War crimes. Human Rights. Crimes against humanity. These words have lost all meaning due to the systematic overuse of these words by the media; the conservative press is keen to point out how ‘human rights’ allows hate preachers to remain in the UK, yet there continues to be a mechanistic and systematic violation of human rights in Syria illustrating what a Human Rights violation really is. The United Nations Human Rights Commission recently condemned President Assad of Syria for complicity and activity in the horrific atrocities in Syria.

We have become so accustomed to seeing these abhorrent acts in the media since the outbreak of the Syrian Civil War that we see ourselves so disconnected that we no longer care. Desensitisation to these horrors is of immense detriment to mankind. National self-determination is a key concept, and intervention is not something the UK should contemplate. But there remain 2 barriers to a united front providing universal economic sanctions; Russia and China. These two allies of Syria cite self determination as necessary, yet the Red Cross, the UN, and a plethora of other charities have highlighted the continuing suffering of women, children and men of Syria.

Monsters are emerging on both sides of the conflict; Sarin gas is thought to have been used by rebels and government forces. A rebel leader has been filmed eating the heart of a dead soldier. Footage of Sarin gas inflicted injuries instigated worldwide condemnation by the US, the UK and France. This caused an explosion in the political rhetoric where it seemed plausible that western intervention would be likely. Then the Commons voted against intervention. Russia diplomatically avoided the United State’s entry. And now we seem to be oblivious and indifferent to these detestable acts of barbarism, forgetting that silence is acquiescence, and acquiescence is in itself complicity.

…Russia and China continue to fund and facilitate the destruction of human life in China and Russia…

Intervention is wrong. The shadows of Iraq continue to linger, and we have learnt our lessons. But to selectively forget the despicable acts and the repercussions of these acts on the vastly civilian population is unacceptable. Economic sanctions could potentially cripple the government machine in Syria, yet Russia and China continue to fund and facilitate the destruction of human life in China and Russia. Revolutions can only ever unify for a brief time, unity against something is much easier than unity for something. Almost all revolutions in history occur like this. The rebel forces in Syria have surpassed this phase, dividing into Islamic sects, democratic movements, and other ideological sects. Funding monsters like the rebels is not a viable solution, but to economically cripple a systematic violator of human rights is the only reasonable solution.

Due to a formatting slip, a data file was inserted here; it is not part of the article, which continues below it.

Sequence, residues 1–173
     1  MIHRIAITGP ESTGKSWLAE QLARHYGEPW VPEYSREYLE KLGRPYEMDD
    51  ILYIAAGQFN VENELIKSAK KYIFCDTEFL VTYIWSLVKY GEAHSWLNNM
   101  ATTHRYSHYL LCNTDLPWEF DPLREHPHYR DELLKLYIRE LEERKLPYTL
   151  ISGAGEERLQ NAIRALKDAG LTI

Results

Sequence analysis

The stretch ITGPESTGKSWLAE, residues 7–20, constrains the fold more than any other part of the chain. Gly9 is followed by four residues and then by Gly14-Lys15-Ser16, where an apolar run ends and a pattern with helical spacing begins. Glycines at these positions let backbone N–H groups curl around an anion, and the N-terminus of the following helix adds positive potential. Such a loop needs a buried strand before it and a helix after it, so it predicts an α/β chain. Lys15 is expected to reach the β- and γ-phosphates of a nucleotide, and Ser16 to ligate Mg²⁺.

The UN Human Rights Commission’s damnation of Assad’s complicity is the first time the regime has been implicated in the war crimes, and this damnation shows how there must be some evidence linking Assad, otherwise such a libellous accusation would discredit the UN.

…It is irresponsible to enable these needless deaths to continue…

An economic assault on the Syrian regime, preventing the desolation of humanity, is necessary. Civilians are not weapons or soldiers, yet in the Syrian conflict they are being obliterated on a regular basis. Our silence and inactivity is complicity in allowing these needless deaths. It is irresponsible to enable these needless deaths to continue.  A united front is paramount in protecting mankind, and a financial sanction sends the message of the insupportable nature of the actions by both sides of the conflict.

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20 Year old History student at Royal Holloway looking for someone to listen my ramblings...

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